Plot: What’s it about?
Simon Sinestrari (Andrew Prine) doesn’t live within society’s social rules, as he loves to converse with trees and he happens to reside in a storm drain. When one night’s intense rain drives him out of the drain, he finds himself arrested and thrown into jail as a vagrant. Behind bars he meets a hustler named Turk (George Paulsin), a man with some serious connections and a shine for good old Simon. He offers to introduce Simon to some of his more prominent friends, who want to hire Simon to perform “magic” at their upper crust parties. But when one of them refuses to pay Simon for his tarot card session, Simon places a curse upon his head and soon, the man meets a gruesome death. Now that Simon’s deadly abilities have become known, how will he handle his new place within society’s upper tier?
If you judge this movie by its cover, you’ll expect a depraved tale of witchcraft, violent rituals, and a charismatic warlock with an insane perspective on life, death, and sex. In truth however, Simon, King of the Witches isn’t about supernatural chills at all, instead it is about Wiccan ideals and philosophies. You know, nature and past lives and all that jazz, when we’re led to believe we will see all out mystical mayhem on a grand scale. I wouldn’t even label this as a horror movie, despite a few death scenes and some unusual supernatural elements. Simon, King of the Witches is more like a thriller than involves Wiccan elements, so don’t expect blood soaked witchcraft from this movie. But if you’re a fan of all things 70s, then Simon, King of the Witches has enough nostalgic touches to make it worth a rental.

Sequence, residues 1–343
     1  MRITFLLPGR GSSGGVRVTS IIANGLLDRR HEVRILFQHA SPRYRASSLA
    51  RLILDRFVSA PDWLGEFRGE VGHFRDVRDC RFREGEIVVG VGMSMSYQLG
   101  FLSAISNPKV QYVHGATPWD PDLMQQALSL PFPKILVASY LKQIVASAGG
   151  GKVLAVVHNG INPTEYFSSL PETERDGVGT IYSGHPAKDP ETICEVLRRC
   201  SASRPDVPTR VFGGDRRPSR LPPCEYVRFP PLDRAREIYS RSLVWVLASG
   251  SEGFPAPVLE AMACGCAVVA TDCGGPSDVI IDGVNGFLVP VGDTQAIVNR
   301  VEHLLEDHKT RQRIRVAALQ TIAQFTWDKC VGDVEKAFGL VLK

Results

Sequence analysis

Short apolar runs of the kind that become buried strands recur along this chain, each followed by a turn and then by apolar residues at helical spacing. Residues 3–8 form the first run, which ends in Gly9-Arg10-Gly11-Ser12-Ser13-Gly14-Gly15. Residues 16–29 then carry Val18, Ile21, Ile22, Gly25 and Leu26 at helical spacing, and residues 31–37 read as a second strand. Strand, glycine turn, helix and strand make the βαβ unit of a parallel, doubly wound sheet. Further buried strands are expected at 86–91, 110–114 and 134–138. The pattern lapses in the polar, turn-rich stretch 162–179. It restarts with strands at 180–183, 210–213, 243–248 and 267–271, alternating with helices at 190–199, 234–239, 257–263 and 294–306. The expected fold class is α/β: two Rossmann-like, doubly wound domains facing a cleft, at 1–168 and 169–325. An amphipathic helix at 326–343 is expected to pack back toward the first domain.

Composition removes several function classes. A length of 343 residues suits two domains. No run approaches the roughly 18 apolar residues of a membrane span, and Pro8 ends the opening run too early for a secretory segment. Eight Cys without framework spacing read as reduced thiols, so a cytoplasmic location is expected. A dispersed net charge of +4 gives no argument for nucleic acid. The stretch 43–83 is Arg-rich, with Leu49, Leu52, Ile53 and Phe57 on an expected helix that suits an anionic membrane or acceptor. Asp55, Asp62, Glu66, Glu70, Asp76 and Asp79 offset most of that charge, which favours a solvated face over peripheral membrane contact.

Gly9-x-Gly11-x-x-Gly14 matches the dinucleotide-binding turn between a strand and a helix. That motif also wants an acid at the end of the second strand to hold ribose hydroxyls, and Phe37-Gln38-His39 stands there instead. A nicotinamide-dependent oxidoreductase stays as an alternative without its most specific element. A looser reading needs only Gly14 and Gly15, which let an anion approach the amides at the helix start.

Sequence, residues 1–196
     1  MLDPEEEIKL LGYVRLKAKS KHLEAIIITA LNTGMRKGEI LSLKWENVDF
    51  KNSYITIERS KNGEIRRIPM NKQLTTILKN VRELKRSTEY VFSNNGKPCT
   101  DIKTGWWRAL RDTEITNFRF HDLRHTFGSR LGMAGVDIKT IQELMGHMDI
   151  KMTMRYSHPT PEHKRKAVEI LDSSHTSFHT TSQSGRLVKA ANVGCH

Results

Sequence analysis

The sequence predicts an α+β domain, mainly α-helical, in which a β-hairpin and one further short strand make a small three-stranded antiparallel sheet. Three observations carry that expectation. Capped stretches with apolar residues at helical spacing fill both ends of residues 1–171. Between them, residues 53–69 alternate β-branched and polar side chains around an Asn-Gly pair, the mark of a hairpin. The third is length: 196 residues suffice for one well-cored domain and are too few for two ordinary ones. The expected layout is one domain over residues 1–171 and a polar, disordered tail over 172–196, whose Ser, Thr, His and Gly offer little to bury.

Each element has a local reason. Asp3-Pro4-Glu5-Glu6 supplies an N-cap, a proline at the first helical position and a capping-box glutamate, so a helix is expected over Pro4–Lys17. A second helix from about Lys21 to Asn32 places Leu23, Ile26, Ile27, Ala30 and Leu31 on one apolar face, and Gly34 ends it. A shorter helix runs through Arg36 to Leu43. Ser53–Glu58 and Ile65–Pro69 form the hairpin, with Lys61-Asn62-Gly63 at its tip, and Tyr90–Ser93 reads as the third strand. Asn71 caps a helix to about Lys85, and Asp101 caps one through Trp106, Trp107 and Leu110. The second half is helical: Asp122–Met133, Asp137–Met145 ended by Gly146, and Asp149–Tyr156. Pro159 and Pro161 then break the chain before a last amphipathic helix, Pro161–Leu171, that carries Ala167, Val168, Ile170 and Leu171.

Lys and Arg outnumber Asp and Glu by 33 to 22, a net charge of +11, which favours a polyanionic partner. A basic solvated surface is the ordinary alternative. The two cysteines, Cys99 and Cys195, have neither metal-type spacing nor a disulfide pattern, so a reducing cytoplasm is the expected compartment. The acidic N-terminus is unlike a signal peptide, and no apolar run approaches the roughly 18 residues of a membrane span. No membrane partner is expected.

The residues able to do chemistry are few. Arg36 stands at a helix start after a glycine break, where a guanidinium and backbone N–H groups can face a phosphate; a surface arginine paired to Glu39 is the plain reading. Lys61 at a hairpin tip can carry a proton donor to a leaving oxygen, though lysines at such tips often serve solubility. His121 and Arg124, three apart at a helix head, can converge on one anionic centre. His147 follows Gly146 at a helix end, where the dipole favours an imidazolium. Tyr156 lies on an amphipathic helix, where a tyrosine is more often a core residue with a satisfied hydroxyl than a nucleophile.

Video: How does it look?
Simon, King of the Witches is presented in 1.78:1 anamorphic widescreen. The print used here has seen better days, but overall this is a decent presentation. You will see some wear issues here, from debris to nicks to burns, but with this kind of movie, its a little unreasonable to expect a pristine source print. These print issues do impact the visuals however, so this looks a little soft at times and worn around the edges. The colors look decent however, while contrast is on the light side, but passable. So yes, this looks worn, but it is still more than watchable.
Audio: How does it sound?
The 2.0 stereo soundtrack is fine, but forgettable. The elements come across well enough, but do sound a little thin thanks to the tolls of time. The music sounds tinny for the most part, but vocals have a clear, clean presence. Not enough sound design to talk about much beyond the basics however, so suffice it to call this one adequate.
Supplements: What are the extras?
This disc includes interviews with star Andrew Prine and director Bruce Kessler, a radio spot, and the film’s theatrical trailer.